The death has convulsed this rural community of 1,800 in south-central Kentucky, where everyone seems to know the extended Sparks family, which is now riven by grief. But as mourners gathered for Caroline’s funeral on Saturday, there were equally strong emotions directed at the outside world, which has been quick to pass judgment on the parents and a way of life in which many see nothing unusual about introducing children to firearms while they are still in kindergarten…

The county coroner, Gary White, said Kristian’s gun, a .22-caliber single-shot Crickett rifle designed for children and sold in pink and blue, had been stored in a corner, and his parents did not realize it was loaded.

I’m sorry, designing actual working guns for 5-year olds is nuts.  Instead, there’s a lot of sentiment like this:

April Anderson, a cashier, said that she, too, owned a gun at age 5. “We went deer hunting,” she said. “I had a .22. You have to teach them at an early age [emphasis mine],” she noted, adding that she and her husband own more than 20 guns, but that they keep them secure. “Our guns are put up,” she said.

Ummm, no, you don’t actually.  I’m sure if you wait until they have some basic common sense (12?  13?) it will still be okay.

Hidden tattoos

I don’t like tattoos– never have, never will.  And neither does “Dear Prudence” advise columnist Emily Yoffe.  Anyway, she had a question about tattoos in an on-line chat today and it inspired me to wonder just what percentage of the public has a tattoo.  Fortunately, NCSU has a subscription to Roper Ipoll so I could easily look up the data and found it in a 2010 Pew Survey.  They give a number of demographic breakdowns as options, but surprisingly, not age.  Anyway, the overall figure is 24% and here’s the PID breakdown:

pew3

Now, what actually surprised me most, is the fact that there’s way more tattood people out there than you realize– unless you have x-ray vision, that is.  Check this out:

Pew2

Anyway, some day when I’ve really got nothing better to do (so much to grade!) I’m going to download this dataset and run some models with this variable.

 

 

More Medicaid Power

Drum actually posted an explanation of power analysis last night and how it relates to the Medicaid study:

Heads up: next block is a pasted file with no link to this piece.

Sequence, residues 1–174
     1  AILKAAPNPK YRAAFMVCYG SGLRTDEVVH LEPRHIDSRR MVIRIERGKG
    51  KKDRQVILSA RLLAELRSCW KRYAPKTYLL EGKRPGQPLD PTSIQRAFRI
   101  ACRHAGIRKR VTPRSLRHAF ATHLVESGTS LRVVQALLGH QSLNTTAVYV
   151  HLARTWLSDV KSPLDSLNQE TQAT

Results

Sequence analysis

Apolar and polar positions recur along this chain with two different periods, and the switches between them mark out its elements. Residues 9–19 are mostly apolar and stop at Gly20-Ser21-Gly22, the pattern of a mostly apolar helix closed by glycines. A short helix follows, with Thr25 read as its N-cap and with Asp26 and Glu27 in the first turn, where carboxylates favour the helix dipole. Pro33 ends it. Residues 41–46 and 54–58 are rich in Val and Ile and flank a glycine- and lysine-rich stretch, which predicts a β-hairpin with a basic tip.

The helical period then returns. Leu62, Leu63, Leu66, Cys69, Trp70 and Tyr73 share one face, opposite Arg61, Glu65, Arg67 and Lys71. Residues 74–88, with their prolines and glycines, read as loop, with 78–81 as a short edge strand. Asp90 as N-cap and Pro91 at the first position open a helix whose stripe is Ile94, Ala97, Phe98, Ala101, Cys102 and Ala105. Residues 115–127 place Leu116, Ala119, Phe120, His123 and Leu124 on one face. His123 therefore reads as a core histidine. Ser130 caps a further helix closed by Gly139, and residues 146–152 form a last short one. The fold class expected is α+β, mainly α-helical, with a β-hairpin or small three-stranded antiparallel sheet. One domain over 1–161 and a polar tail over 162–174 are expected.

There are several things to say about the Oregon study, but I think the most important one is this: not that the study didn’t find statistically significant improvements in various measures of health, but that the study couldn’t have found statistically significant improvements. It was impossible from the beginning.

Here’s why. The first thing the researchers should have done, before the study was even conducted, was estimate what a clinically significant result would be. For example, based on past experience, they might have decided that if access to Medicaid produced a 20 percent reduction in the share of the population with elevated levels of glycated hemoglobin (a common marker for diabetes), that would be a pretty successful intervention.

Then the researchers would move on to step two: suppose they found the clinically significant reduction they were hoping for? Is their study designed in such a way that a clinically significant result would also be statistically significant? Obviously it should be…

So here’s the question: if the researchers ended up finding the result they hoped for (i.e., a reduction of 16 people with elevated GH levels), is there any chance that this result would be statistically significant? I can’t say for sure without access to more data, but the answer is almost certainly no. It’s just too small a number. Ditto for the other markers they looked at. In other words, even if they got the results they were hoping for, they were almost foreordained not to be statistically significant. And if they’re not statistically significant, that means the headline result is “no effect.”

Now, they didn’t design the Oregon program or they would have insisted upon more numbers for this very reason.  That said, how they probably should have been much more thoughtful about how they brought these findings too light given the inherent problems.

Photo of the day

Recent National Geographic photo of the day.  I fine the postscript fascinating.

Picture of an owl striking a mouse in Minnesota

Owl and Mouse, Minnesota

Photograph by Tom Samuelson, My Shot

Great gray owls come south from Canada into Minnesota during the winter to find food. This owl was on the north shore of Lake Superior, just south of Two Harbors, Minnesota. We happened to find him as the sun was setting, and in the evening light, we were able to be in a position to see an owl that was hunting when a mouse came out, and the owl was quick to pounce and pick up an evening meal.